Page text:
New podcast series: Teach Me About the Great Lakes

December 2nd, 2019 by

Illinois-Indiana Sea Grant’s Dr. Stuart Carlton has started a new monthly podcast called “Teach Me About the Great Lakes.” The purpose of the podcast is to help Carlton—a social scientist who grew up in the South near the Gulf of Mexico—learn about the biology, ecology and natural history of the Great Lakes.

“In my two years at Illinois-Indiana Sea Grant, I’ve learned a lot about what makes the Great Lakes special, but there’s so much to know,” said Carlton. “This podcast gives me a chance to harness the knowledge of IISG specialists and the many scientists and other fascinating people in the region to help me better understand this amazing resource.”

A new episode of Teach Me About the Great Lakes will be released on the first Monday of each month. The first episode, “They’re Also Called Nurdles,” is embedded below. Carlton and co-host Hope Charters talk with special guests Carolyn Foley and Sarah Zack about microplastics. What are they? How do they affect fish and people? What can we do to help prevent adding more microplastics to our waters? Find out what researchers know so far about this contaminant.

Love this episode and want to hear more in the future? Subscribe on Apple Podcasts or Spotify.

If you have questions you want answered about the Great Lakes, reach out to @TeachGreatLakes on Twitter or email Stuart Carlton at

Illinois-Indiana Sea Grant is a part of University of Illinois Extension and Purdue Extension.

New IISG assistant director brings oceans of experience to the program

March 13th, 2018 by

Drawing on the rich Sea Grant talent pool around the country, Illinois-Indiana Sea Grant (IISG) welcomes our newest addition, Stuart Carlton, as the program’s assistant director. Previously a healthy coastal ecosystems and social science specialist with Texas Sea Grant, he now manages day-to-day operations and, working closely with director Tomas Höök and the IISG team, coordinates all aspects of the program.

“As assistant director, my main job is to guide and support our staff as they continue to do amazing work,” said Carlton. “Our specialists are experts in their field; my goal is to empower them and then get out of the way.”

Carlton also hopes to help expand the program and create new partnerships for IISG in the Great Lakes region and beyond. “Environmental issues are complex, a fact that isn’t going to change any time soon,” he said. “We need to be constantly thinking about who we can work with to meet 21st-century challenges.”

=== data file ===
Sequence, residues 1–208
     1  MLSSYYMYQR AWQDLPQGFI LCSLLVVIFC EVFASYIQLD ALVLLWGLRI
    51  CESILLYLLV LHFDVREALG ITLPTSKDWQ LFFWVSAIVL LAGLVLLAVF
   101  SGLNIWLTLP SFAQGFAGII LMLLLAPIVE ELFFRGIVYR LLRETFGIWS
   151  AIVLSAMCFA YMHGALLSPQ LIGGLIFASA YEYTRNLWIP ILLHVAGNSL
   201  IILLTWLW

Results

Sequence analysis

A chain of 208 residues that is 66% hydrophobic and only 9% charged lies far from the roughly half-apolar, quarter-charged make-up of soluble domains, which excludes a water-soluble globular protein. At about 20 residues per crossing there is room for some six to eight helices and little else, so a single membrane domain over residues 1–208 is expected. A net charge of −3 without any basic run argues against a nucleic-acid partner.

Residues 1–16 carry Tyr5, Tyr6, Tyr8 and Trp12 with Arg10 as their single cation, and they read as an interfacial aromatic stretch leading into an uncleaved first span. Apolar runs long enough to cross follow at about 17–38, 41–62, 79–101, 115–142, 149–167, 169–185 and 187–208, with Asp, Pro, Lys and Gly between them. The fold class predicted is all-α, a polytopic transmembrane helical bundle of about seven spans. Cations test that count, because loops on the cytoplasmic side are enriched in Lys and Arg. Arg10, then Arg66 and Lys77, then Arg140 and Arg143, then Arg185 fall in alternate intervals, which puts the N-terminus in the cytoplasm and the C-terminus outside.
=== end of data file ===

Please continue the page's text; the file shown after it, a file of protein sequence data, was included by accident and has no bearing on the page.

Carlton is an interdisciplinary social scientist who holds a PhD in interdisciplinary ecology from the Stuart CarltonUniversity of Florida, an MS in fisheries biology from the University of Georgia, and a BS in English from Tulane University. In addition to Texas Sea Grant, he has held positions at Florida Sea Grant and the Natural Resources Social Science Lab in Purdue’s Department of Forestry and Natural Resources.

“Illinois-Indiana Sea Grant is never boring,” he said. “We work on issues ranging from aquatic invasive species to medicine disposal, green infrastructure, aquaculture, climate change, community planning, environmental education and beyond. We fund groundbreaking biological, ecological and social science research. We have buoys. The sheer number of cool, important things that we do is mind-blowing.”

His research and outreach interests are in the role of stakeholder values, attitudes, and behaviors in controversial environmental systems. Carlton has worked on a variety of issues, ranging from snapper management in the Gulf of Mexico to state service foresters’ use of climate information. His research on climate change beliefs has been cited on the Senate floor, covered by national and international media—including The Guardian and The Washington Post—and has been featured as the top post on the front page of Reddit.

“I enjoy working for Sea Grant because I strongly believe in our mission to provide unbiased, research-based information to help people and communities become more resilient and sustainable,” said Carlton. “We take the important work that scientists are doing and use it to actually help people and communities, and that’s pretty neat.”

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